Workplace: Executives Line Up For Couch Treatment

Cites consultant Kerry J. Sulkowicz
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Handing off a family business to the younger generation is always fraught with risk, but the Manhattan psychiatrist and business consultant Kerry J. Sulkowicz did not appreciate how much so until the day a client – an executive who wanted to pass on his stake to his son – said he was thinking of building a cinder-block wall in the executive suite to seal off his younger brother. 

”I thought at first he was joking, but he said no, this was something he had considered,” said Dr. Sulkowicz, one of a small but growing number of psychoanalysts who apply the theories of Freud, Jung and their brethren to dysfunctional workplaces. 

Human psychiatric patients may consider this the age of psychopharmacology, thanks to the spread of Prozac and the realpolitik of managed care. But for sick companies, there are not any selective serotonin reuptake inhibitors yet, and the long-running economic expansion means there is more money than usual for consultants. So, unexpectedly, proponents of the old-fashioned ”talking cure” are finding new beachheads in the frenetic worlds of commerce and industry. 

”It’s very popular,” said Kenneth M. Settel, a clinical instructor in psychiatry at Harvard Medical School, who founded the American Psychoanalytic Association’s ad hoc committee on corporate and organizational consultation four years ago. 

”The more enlightened companies are concerned about morale,” Dr. Settel said. ”If it’s an abusive workplace, money will keep people for a while, but eventually they’ll be drawn away.” 

Psychoanalysts say the everyday ordeals of the business world are capable of setting into motion what they call collective insanity or the psychosis of association: mergers gone awry, incompetents named to top positions, sibling rivalries in the boardroom, mass layoffs, executive indictments. 

Dr. Sulkowicz suspects the technological advances driving the new economy are also spawning workplace neuroses. The newfound ability to buy seemingly anything at the click of a mouse, the promise of sudden riches through day trading and the hype about dot-com millionaires have probably fanned unhealthy delusions of omnipotence in American society, he said. 

Chief executives may not be happy to hear it, but some psychoanalytic consultants detect more than a whiff of pathology in the compulsion and single-mindedness it takes them to reach the top. And, if one of them crosses the line from eccentricity to outright mental illness, they say, he or she can infect the whole business. 

”Take, for example, the behavior and actions of the first Henry Ford,” wrote the managerial psychoanalyst Manfred F. R. Kets de Vries in a pioneering Harvard Business Review article in 1979, ”Managers Can Drive Their Subordinates Mad.” 

Henry Ford may have been a genius, wrote Dr. Kets de Vries, today a professor of human resource management at Insead, a French business school, and the author of ”Life and Death in the Executive Fast Lane” (Jossey-Bass, 1995). But Ford was also despotic, grandiose and perpetually on the prowl for imagined enemies, the professor said. Distracted and debilitated, Ford’s leadership team spent years battling phantom enemies while the real foe, General Motors, gobbled up market share.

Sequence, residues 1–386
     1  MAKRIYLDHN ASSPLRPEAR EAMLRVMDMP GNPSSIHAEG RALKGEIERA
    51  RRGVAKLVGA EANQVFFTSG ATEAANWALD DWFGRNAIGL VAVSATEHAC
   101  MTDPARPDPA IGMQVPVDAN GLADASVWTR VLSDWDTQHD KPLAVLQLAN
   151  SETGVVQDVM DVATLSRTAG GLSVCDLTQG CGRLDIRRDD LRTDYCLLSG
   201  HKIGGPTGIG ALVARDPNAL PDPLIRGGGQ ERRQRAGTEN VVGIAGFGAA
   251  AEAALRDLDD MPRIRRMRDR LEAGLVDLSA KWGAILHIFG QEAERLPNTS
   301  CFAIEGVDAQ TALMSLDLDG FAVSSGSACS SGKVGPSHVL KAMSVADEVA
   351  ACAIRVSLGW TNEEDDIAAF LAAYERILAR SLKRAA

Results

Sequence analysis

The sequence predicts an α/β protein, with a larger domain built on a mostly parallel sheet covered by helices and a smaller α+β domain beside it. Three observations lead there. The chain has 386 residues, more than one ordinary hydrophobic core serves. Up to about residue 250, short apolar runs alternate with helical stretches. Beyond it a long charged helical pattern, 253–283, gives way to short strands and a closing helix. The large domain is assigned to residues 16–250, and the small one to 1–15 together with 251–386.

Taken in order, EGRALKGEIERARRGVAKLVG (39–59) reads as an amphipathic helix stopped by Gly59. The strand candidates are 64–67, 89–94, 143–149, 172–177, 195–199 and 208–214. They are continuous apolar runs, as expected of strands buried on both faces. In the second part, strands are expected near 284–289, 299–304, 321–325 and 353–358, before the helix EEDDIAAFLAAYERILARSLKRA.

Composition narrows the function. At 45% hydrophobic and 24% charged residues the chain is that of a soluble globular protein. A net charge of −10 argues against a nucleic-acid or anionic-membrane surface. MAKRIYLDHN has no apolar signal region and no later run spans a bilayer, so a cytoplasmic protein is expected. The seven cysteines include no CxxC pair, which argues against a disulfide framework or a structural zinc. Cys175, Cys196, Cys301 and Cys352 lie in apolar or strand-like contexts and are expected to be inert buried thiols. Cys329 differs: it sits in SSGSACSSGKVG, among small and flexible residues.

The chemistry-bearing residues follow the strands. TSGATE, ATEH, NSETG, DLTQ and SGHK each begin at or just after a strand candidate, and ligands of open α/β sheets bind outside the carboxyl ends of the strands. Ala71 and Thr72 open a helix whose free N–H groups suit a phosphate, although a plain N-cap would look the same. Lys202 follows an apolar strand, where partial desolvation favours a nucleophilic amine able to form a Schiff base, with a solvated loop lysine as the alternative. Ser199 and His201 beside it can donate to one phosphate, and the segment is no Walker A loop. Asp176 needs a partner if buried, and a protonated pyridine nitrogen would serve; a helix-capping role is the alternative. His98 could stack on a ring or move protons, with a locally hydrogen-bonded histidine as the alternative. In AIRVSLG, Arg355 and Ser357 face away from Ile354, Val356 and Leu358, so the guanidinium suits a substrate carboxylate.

Psychoanalytic consultants say their approach to sick workplaces differs from that of traditional industrial psychologists, who observe human behavior and try to improve morale and productivity without delving into the human psyche. Nor do they advocate the once-popular use of psychological tests in recruiting, a technique that has fallen into some disfavor recently because of lawsuits asserting bias. 

Instead, the consultants say their role is to plumb the unconscious of managers and executives, trying to identify motivating forces, never forgetting the premise that an individual’s forgotten past can shape his or her behavior in the present. 

No one lies on a couch; the consultants typically sit in on business meetings; study the way individuals interact; hold regular one-on-one sessions with executives; interview employees at lower levels; and analyze what they see and hear. 

They don’t march around telling managers they have Oedipus complexes and the like. ”That isn’t helpful in an organizational setting,” Dr. Settel said. But they are expected to make practical business recommendations to the board. 

Dr. Sulkowicz said that when he first entered a workplace, he usually found himself ”the object of a benign, positive transference” – in other words, the employees use him to recreate certain aspects of their relationships with their parents. 

This soon changes, though. While working with the executive who was flirting with the idea of walling off his brother, Dr. Sulkowicz said, he began to have the uneasy feeling that ”transferences to me cast me in the role of the brother to be killed.” 

Dr. Sulkowicz declined to reveal the identity of the family or the business in that case. In a presentation that preserved his subjects’ anonymity, the doctor described to the American Psychoanalytic Association a veritable witch’s brew under the company’s buttoned-down exterior of repressed fratricidal fantasies, incestuous homosexual longings, parental abuse, efforts to attract love through outrageous acts and substance abuse aimed at dulling existential pain. 

Can airing such things really help a business? Three months into working with the warring brothers, Dr. Sulkowicz reported, they were able to agree on a series of steps toward bringing their sons on board. And the one who wanted to put up the cinder blocks asked the psychoanalyst for his business card, saying he had a friend who might benefit from treatment.

Written by Mary Williams Walsh